Is fruit juice basically soda?
In short, no. Most Americans do not eat enough fruits and vegetables and instead rely on 100% fruit juices to meet their micronutrient needs. Fruit juice is convenient, inexpensive, and contains antioxidants and other non-nutritive plant components, such as polyphenols, that may be beneficial for health. However, juice consumption is controversial because it is high in natural sugar without the benefit of the fiber naturally present in whole fruits. Note that juice cocktails, nectars, and other juices with added sugars do not fall under this umbrella and should be limited.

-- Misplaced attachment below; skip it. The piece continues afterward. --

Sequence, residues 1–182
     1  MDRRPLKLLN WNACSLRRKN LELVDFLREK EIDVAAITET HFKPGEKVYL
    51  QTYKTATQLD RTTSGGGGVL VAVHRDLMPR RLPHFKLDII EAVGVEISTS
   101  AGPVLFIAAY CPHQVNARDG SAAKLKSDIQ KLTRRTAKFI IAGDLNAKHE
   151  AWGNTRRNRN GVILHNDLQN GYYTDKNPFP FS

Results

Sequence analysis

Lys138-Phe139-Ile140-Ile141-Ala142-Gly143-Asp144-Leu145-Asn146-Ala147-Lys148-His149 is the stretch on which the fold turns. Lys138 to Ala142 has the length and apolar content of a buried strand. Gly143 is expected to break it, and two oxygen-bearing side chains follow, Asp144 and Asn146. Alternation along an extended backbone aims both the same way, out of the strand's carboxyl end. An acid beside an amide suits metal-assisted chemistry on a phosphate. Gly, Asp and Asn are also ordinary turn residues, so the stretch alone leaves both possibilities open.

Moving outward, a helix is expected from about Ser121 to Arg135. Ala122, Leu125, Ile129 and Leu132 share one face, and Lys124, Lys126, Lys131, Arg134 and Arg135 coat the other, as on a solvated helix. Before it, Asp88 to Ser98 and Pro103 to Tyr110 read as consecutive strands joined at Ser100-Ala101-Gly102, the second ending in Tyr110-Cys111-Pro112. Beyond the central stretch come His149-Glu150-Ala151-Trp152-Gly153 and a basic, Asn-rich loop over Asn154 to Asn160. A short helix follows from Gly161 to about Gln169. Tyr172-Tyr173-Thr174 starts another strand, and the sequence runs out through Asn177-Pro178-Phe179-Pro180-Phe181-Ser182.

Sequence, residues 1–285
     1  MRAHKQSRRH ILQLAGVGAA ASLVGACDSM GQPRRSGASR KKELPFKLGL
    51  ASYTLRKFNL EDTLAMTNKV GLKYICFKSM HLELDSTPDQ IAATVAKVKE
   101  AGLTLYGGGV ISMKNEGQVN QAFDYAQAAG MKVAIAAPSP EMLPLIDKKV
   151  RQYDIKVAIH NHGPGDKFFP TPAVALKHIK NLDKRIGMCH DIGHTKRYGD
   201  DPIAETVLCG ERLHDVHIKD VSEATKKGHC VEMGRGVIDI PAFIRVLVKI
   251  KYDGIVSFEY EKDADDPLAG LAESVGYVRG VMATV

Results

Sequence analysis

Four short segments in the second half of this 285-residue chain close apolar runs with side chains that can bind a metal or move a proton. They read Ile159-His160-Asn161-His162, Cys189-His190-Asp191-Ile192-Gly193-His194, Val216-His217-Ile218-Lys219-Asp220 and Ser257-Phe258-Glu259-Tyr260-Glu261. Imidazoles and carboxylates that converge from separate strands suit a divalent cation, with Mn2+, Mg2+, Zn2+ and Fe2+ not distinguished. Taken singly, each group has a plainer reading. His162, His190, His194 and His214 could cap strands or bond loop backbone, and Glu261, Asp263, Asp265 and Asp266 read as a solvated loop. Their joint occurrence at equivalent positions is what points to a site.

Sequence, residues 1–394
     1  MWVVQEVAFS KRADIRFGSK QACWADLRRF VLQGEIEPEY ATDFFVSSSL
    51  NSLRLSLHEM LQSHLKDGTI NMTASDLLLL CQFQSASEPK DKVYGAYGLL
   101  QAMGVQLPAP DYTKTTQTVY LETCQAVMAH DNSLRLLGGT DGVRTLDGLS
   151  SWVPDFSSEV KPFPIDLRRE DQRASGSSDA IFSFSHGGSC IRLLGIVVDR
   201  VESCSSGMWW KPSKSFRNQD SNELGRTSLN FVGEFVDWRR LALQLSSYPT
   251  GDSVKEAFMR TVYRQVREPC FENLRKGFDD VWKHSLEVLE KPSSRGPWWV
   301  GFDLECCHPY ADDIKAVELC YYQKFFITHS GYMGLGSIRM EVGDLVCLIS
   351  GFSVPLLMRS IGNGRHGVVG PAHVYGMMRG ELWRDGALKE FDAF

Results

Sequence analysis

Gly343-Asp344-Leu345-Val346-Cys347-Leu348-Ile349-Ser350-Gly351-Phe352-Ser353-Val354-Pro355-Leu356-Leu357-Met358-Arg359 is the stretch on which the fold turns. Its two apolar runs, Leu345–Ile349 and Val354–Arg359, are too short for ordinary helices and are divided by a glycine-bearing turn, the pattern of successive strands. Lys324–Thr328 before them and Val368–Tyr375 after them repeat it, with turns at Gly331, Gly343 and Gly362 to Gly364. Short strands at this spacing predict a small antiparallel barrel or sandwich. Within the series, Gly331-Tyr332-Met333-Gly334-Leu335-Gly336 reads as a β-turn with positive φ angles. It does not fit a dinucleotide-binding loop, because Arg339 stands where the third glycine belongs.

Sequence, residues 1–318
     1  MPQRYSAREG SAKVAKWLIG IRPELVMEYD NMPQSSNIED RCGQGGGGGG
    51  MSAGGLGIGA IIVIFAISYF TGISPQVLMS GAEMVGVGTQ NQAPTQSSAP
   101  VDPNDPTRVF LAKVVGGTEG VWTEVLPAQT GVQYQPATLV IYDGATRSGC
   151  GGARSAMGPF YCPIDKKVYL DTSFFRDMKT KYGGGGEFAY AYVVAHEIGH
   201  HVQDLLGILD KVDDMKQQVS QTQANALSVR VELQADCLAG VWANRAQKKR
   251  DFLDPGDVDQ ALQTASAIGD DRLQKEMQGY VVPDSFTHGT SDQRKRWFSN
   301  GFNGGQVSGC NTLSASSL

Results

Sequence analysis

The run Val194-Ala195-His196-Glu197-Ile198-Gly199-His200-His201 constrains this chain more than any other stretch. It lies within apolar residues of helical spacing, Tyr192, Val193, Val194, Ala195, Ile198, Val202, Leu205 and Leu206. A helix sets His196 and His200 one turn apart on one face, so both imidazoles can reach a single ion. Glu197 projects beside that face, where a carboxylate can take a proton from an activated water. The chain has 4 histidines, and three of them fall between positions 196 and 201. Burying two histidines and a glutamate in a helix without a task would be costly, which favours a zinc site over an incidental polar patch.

Health professionals are divided on whether drinking juice is “healthy,” but research suggests that moderate intake of 100% fruit juice is not associated with an increased risk of weight gain or chronic disease . A recent systematic review and meta-analysis of thirteen prospective cohort studies found that, in contrast to sugar-sweetened beverages (i.e. soda), 100% fruit juice consumption may exhibit a U-shaped relationship with metabolic syndrome. In other words, this analysis suggests that 3-5 ounces of juice may have a protective effect in the context of metabolic syndrome, while intake in excess of this may have a negative effect. As with many areas in nutrition, more research is needed.
7 tips for adding sweetness and flavor to drinks while minimizing added sugar and juice:
1. Limit sodas and tonic water. If you choose to use these, be sure to check the Nutrition Facts label and look for brands with lower sugar content, if possible, and be mindful of how much you are consuming.